Castro himself was seen arriving at the scene of the hijacking drama at Mariel port shortly before the government announced on state television that the boat and the hostages were still be held hostage.
"Force will be used if the hostages' situation becomes critical," warned a statement read on the midday broadcast.
"All morning long over the radio an effort has been made to persuade them to free their hostages," said the statement. "After repeated exhortations, they only agreed to turn over three: two women and a man with health problems. To all other requests they have responded only with their demands for fuel."
The Cuban government earlier had said there were an estimated 50 people aboard the ferry when it was hijacked in the early hours of Wednesday from Havana Bay and sailed northward toward the United States.
The ferry returned to Cuba late Wednesday in search of fuel after Cuban authorities chased it some 30 miles into international waters.
Early Thursday, the ferry could be seen docked inside the free trade zone at Mariel. Authorities blocked access to international journalists, but several dozen officials, a fire truck and numerous government vehicles could be seen near the boat from a hill high above the bay.
When the ferry was still in the middle of the Florida Straits, FBI agents had waited nearby on a U.S. Coast Guard cutter as Cuban authorities tried to persuade the hijackers to give up. The men had threatened to throw some of the passengers overboard if they did not get their way, Cuban authorities said Wednesday.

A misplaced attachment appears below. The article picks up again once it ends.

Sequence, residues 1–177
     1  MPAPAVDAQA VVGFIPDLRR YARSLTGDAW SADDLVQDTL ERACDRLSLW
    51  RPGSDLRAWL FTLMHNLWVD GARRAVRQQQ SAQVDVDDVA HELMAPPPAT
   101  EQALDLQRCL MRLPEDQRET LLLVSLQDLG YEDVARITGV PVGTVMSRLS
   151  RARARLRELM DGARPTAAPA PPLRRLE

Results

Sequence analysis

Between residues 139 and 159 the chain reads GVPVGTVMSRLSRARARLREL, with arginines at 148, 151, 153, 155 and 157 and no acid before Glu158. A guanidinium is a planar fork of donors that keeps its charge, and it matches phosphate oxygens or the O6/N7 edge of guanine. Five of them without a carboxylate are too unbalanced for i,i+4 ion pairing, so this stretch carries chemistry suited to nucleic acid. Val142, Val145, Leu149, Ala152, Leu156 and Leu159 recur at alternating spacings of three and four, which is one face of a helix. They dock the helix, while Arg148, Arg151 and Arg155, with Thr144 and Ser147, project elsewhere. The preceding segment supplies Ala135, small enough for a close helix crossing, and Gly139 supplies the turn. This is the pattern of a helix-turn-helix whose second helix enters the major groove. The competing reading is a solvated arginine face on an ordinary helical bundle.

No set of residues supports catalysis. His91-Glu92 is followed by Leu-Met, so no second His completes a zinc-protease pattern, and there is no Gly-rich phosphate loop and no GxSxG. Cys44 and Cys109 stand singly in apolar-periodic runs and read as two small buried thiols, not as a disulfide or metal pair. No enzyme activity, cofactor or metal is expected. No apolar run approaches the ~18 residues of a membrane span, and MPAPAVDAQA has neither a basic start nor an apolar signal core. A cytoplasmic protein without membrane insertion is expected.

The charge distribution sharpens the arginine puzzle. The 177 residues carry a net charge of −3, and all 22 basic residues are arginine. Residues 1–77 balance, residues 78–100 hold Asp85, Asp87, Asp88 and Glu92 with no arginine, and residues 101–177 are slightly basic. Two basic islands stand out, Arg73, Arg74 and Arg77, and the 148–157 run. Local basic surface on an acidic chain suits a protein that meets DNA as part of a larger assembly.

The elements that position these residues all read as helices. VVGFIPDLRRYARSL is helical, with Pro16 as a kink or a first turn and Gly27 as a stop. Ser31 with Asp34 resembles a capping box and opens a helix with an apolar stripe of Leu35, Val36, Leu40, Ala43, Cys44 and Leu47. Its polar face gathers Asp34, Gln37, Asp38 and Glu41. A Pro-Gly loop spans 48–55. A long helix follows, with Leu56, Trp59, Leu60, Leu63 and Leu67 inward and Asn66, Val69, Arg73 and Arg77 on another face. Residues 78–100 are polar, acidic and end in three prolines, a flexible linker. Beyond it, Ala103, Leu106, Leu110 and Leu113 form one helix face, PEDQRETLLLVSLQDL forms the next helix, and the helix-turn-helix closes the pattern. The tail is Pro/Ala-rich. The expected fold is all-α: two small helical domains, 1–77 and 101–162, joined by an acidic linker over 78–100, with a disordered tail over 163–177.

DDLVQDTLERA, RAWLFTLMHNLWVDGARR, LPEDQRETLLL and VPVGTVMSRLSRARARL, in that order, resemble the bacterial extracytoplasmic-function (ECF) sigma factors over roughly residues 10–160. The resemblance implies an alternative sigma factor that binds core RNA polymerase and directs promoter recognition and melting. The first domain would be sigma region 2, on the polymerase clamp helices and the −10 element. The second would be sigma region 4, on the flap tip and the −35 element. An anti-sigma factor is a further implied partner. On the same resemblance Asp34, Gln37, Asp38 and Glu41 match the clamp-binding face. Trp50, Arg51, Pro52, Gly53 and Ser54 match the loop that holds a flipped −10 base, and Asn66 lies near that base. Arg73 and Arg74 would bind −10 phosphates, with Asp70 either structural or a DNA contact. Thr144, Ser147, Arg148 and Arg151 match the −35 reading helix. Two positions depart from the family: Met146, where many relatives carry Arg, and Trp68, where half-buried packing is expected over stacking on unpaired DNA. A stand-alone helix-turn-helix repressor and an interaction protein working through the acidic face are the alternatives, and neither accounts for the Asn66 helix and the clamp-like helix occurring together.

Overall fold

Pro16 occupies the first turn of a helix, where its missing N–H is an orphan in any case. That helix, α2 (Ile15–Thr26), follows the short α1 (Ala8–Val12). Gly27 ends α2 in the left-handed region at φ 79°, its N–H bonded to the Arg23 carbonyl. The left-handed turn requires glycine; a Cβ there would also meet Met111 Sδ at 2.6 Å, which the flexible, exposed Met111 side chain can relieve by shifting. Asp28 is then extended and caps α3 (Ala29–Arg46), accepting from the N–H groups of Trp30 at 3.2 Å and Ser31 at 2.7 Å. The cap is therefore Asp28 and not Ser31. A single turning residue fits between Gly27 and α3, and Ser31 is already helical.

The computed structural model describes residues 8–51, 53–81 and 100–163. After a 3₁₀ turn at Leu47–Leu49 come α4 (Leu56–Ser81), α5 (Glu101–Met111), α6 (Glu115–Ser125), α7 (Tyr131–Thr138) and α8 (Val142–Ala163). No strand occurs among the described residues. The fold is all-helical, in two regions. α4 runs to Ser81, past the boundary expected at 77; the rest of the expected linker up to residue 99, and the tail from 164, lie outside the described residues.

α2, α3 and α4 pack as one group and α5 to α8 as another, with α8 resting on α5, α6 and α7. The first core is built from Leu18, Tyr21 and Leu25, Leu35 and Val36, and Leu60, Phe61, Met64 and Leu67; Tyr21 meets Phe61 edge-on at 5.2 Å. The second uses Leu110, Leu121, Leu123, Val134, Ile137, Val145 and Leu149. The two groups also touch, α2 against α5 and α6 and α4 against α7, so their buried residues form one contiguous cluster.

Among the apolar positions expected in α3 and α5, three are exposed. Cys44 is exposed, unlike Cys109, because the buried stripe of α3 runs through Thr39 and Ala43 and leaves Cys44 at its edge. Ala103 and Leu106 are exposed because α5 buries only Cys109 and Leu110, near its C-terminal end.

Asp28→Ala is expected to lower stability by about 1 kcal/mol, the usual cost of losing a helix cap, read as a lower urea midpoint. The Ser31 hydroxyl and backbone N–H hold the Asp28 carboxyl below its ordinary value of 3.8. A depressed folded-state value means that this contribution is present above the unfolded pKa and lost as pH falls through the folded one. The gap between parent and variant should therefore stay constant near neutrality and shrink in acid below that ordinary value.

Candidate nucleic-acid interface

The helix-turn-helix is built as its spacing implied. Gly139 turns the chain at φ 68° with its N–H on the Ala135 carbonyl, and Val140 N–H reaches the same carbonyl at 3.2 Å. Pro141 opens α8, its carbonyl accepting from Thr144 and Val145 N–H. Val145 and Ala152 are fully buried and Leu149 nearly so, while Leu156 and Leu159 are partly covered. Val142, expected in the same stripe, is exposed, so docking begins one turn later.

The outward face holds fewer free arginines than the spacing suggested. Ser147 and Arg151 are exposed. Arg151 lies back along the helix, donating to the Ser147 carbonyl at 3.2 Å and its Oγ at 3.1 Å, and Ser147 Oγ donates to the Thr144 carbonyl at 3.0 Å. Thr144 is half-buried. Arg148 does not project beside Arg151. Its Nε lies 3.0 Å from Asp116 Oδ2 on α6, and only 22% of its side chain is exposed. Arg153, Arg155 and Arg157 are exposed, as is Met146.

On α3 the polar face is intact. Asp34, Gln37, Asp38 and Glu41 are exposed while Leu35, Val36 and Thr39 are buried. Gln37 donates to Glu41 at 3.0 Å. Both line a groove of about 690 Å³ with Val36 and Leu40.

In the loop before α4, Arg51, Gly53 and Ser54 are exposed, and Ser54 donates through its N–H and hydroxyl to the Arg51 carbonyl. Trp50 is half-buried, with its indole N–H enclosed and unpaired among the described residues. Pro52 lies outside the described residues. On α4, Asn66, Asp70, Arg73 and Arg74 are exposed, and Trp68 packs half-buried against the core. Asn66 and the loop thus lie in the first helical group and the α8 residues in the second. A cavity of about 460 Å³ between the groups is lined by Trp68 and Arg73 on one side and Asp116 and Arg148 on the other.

As the boxy, flat-bottomed ferry struggled through choppy seas on Wednesday, the hijackers had radioed a command post of the Cuban coast guard to demand another boat and enough fuel to reach the United States, Cuba's Prensa Latina news service said.
The seizing of the vessel came a day after a Cuban passenger plane was hijacked to Key West, Florida, by a man who allegedly threatened to blow up the aircraft with two grenades that later turned out to be fake. Another Cuban plane was hijacked to Key West less than two weeks before.
The string of hijackings coincides with a new crackdown on dissent in Cuba and rising tensions with the United States. Trials began Thursday for the first of 80 dissidents on charges of conspiring with U.S. officials.
In the past, Cubans have taken advantage of periods of U.S.-Cuban friction to try to flee the island.
Earlier, an FBI spokeswoman in Miami said that agency negotiators flown by helicopter to the scene of the ferry standoff stood by on the Coast Guard cutter while Cuban authorities dealt with the situation. The ferry at the time was drifting in international waters about 60 miles off Key West, she said.
The cooperation between agencies from both countries underscored the worries both American and Cuban officials have about the recent rash of hijackings.
In a highly unusual move, the top U.S. diplomat in Havana on Wednesday night warned Cubans not to undertake any more hijackings, telling them in a message read on communist-run television that they would be prosecuted by U.S. authorities and lose the right to seek American residency.
The message by James Cason, chief of the U.S. Interests Section, demonstrated growing worries about the possibility that such hijackings could end in violence or spark a migration crisis.
The high seas drama began early Wednesday when a group of people armed with three pistols and at least one knife hijacked the ferry, Cuban authorities said.
The ferry provides service between Havana and the small communities of Casablanca and Regla on the other side of Havana Bay.
Several ferry boats were hijacked to the United States in 1994, when some 35,000 Cubans headed toward Florida in dilapidated boats and rafts. The wave of illegal migrants subsided only after the United States agreed to send back Cubans picked up at sea.